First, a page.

We have a friend who wanted to be able to use her small yard for outdoor gatherings. Setting out chairs and blankets is great, but adding some soft lighting makes things even more festive and fun. Today's project is a simple and affordable way to extend your outdoor living space all year long. 

entertaining outdoors

Before you get started: Call Before you Dig 

It's important to contact your local utility notification center. Why? It's the law. Callbeforeyoudig.org offers some helpful context:

There could be buried facilities anywhere you plan to dig; under the road, sidewalk, or even in your yard. Calling before you dig ensures that any publicly owned underground lines will be marked, so that you can dig around them safely. Having the utility lines marked not only prevents accidental damage to the lines, but prevents property damage and personal injuries that could result in breaking a line.

reviewing diy project plans

Step 1: Estimate How Many String Lights You'll Need 

You'll find many string lights come in 20' lengths that connect end-to-end. Before you purchase your lights, look at your space and determine about how many strings you'll need. We purchased 40' worth of lightweight light strings, which could be easily held up by our 1 1/2"-diameter poles. 

string light bundle

Step 2: Determine How Many String Light Poles to Buy

You're going to want to set a pole every 10' or so to support the string of lights. For our irregularly shaped area, we used five poles. Our poles were spaced more closely together because of this—about 8'. 

string light poles

Step 3: Determine Length of String Light Poles to Buy

You're also going to want to consider how tall the poles should be for your space. If you want a cozy, low ceiling that works with low seating and you don't mind having to duck down to sit under them, something about 5' tall might be enough. For our space, we wanted something higher, so we went with 7' poles. 

measuring string light pole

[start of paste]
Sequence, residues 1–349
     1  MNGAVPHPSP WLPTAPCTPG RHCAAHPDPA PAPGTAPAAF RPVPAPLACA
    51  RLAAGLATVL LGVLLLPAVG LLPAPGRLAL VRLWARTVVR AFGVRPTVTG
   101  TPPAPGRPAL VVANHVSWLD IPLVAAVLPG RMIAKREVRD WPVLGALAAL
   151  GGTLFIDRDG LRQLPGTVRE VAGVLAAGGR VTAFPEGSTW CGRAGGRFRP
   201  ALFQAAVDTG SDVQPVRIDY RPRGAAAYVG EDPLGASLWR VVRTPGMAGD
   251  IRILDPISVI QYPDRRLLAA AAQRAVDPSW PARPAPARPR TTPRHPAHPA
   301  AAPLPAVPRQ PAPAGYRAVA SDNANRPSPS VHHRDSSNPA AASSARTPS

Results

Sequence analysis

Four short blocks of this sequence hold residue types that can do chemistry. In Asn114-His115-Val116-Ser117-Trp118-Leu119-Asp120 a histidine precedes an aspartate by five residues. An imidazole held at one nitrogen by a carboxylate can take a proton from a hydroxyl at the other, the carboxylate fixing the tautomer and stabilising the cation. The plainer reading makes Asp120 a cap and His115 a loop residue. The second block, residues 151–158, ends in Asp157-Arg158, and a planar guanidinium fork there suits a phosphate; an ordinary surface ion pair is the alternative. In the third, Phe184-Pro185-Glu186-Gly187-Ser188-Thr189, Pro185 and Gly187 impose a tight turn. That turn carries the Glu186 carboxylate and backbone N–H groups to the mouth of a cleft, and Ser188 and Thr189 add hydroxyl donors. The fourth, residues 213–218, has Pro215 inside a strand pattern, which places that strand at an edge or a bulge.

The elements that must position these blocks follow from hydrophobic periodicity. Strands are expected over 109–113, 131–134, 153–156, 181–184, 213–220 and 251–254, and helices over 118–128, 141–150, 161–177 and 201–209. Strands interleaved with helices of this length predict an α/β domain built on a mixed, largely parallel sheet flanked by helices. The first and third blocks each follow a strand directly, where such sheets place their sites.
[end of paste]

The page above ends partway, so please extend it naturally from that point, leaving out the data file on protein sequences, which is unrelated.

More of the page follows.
Step 4: Cut String Light Poles to Length  

Because we bought 8' poles, we needed to cut off 12". Mark the pole 12" from one end, and trim the excess using a handsaw or a power saw.

cut string light pole

Step 5: Drill Stake Holes in String Light Poles 

We'll eventually slip our poles over the top of round metal stakes, so we need to drill out a hole in the bottom of each pole. To do this, clamp down the stakes onto sawhorses and mark the center of the bottom of each pole. This is the hardest part of this project: you're going to be drilling a 3/4"-diameter hole about 12" into the center of the pole. You need to keep the hole parallel to the pole or you'll break through the side of the pole partway up.

If you have any scraps like we did, it's helpful to practice your drilling on them. If you can, have a helper watch as you do this part and correct your angle as you go. We used a 6"-long spade bit attached to a 6" extension in our electric drill. Don't try to rush the drilling, and pause occasionally to knock out the sawdust that accumulates as you drill. 

milwaukee drill

drilling string light pole

hole in string light pole

Step 6: Place Screw Eyes in Tops of String Light Poles

Next, put a screw eye in the top of each pole. You'll use these to secure the string lights. We used 5/16" screw eyes and pre-drilled a hole for them using a 1/16" drill bit. 

drilling end of wood pole

adding screw to wood beam

tightening screw on wood pole

Step 7: Place Stakes in Ground

To determine where we wanted our stakes, we first laid out our string lights on the ground and determined the points where we'd be placing the poles. Then we pounded the stakes into the ground about halfway, leaving 12" or so above ground to slip the wooden poles over the stakes.

One note: Wait to place your last stake; you can locate it near the end of the project in a position that gives the right tension and spacing for the string lights. 

driving stake in ground

measuring stake in ground

Step 8: Place String Light Poles on Stakes

Slip the poles over the top of the stakes. Make sure they're reasonably straight up and down, and adjust the angle (or depth) of the stakes as needed. 

placing string light pole in ground

Step 9: Attach String Lights to Poles 

Using zip ties through the screw eyes on the tops of the poles, loosely attach the string lights to each pole. As you do this, adjust how much drape you want for the strings between each pole. If you didn't already place your last stake and pole, do that now in the spot that completes your run of light, paying attention so you have the right amount of spacing and drape. Then pull the zip ties snug at each pole and cut off their tails. 

attaching string lights to poles

zip tie string light pole

Step 10: Run Power Cord

The last step is running an outdoor extension cord to the lights. Because we ran the cord across a set of steps, we used a plumbing strap and gutter spike on either side of the cord to keep it taut and minimize the chances of tripping. 

hiding diy string lights

running electric cable by stairs

Plug in and enjoy! These seasonal outside lights add a festive touch to the yard and complete an outdoor area where friends and family can gather for conversation and refreshments all season long. 

how to add string lights to your yard